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Ex-Peoria Cop's Child Porn Possession Case Comes Before Illinois Supreme Court

Illinois Supreme Court
The Illinois Supreme Court will decide in the coming months whether a search of a former Peoria cop's hard drive was unconstitutional on Fourth Amendment grounds. The search led to charges of child pornography possession.

The case of a former Peoria police officer's child pornography conviction has come before the Illinois Supreme Court.

The question is whether a search of John McCavitt's hard drive violated the Fourth Amendment and went beyond the scope of a warrant based on charges of sexual assault. McCavitt was acquitted on those charges.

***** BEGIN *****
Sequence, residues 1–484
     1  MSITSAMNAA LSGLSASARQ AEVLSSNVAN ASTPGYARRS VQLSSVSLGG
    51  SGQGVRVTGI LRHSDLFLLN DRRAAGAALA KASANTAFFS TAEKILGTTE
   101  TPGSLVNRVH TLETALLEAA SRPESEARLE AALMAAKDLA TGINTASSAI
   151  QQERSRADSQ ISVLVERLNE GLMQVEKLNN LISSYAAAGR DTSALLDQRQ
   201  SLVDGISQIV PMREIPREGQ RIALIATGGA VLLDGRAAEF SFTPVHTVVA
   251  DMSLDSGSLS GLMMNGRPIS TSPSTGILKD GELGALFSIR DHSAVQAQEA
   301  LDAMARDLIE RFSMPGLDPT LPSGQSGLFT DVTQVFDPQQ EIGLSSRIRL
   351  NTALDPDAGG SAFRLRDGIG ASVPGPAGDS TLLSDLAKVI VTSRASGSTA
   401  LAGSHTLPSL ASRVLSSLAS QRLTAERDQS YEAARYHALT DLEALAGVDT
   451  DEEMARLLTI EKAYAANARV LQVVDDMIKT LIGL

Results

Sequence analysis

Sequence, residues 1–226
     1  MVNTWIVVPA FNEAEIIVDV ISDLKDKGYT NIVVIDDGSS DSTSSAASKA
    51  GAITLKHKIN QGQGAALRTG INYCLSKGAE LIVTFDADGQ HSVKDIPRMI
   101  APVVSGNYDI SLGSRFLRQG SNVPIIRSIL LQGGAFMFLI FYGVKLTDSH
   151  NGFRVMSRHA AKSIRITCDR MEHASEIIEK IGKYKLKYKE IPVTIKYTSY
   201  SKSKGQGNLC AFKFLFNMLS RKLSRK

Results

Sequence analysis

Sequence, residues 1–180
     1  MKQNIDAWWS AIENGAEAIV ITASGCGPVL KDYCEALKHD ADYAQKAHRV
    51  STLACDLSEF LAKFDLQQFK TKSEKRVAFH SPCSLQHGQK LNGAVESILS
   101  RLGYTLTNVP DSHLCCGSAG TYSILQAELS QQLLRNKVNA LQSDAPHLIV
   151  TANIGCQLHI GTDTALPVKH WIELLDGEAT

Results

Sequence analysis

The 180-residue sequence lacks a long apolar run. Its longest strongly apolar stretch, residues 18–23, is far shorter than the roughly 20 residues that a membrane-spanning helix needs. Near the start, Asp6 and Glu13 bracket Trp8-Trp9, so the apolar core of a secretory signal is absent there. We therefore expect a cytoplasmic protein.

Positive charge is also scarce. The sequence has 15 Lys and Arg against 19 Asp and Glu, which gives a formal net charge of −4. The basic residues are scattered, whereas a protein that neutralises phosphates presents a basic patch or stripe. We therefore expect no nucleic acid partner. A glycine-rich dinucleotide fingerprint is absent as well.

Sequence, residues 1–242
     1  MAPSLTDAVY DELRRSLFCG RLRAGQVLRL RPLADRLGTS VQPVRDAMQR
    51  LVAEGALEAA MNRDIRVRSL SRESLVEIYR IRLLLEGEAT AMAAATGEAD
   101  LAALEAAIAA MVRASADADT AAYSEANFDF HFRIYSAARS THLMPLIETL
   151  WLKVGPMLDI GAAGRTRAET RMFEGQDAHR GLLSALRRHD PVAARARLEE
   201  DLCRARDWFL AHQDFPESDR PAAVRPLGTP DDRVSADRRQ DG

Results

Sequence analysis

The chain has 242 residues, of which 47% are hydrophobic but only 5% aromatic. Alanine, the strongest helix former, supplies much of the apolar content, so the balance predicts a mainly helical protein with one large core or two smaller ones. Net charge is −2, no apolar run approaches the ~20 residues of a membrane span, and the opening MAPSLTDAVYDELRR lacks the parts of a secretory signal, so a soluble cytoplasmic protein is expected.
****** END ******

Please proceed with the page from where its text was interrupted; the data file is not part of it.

An internal police investigation of a copy of the hard drive in the days following the acquittal, however, led to the discovery of child porn.

McCavitt was convicted in circuit court in 2016 for possession of child pornography. Later, an appellate court held he should have been allowed to remove the evidence from consideration because a search of a copy of a copy of his hard drive was unreasonable.

McCavitt's attorney James Leven argued the department needed to obtain a warrant with probable cause for the search, separate from the warrant that originally led to the seizure of the hard drive. Leven said the hard drive should have been returned to McCavitt after his prior acquittal.

Attorneys on the state's behalf argued the law didn't prevent police from searching the hard drive copy even after McCavitt's acquittal.

The Illinois Supreme Court will rule on the case's fate in the coming months.

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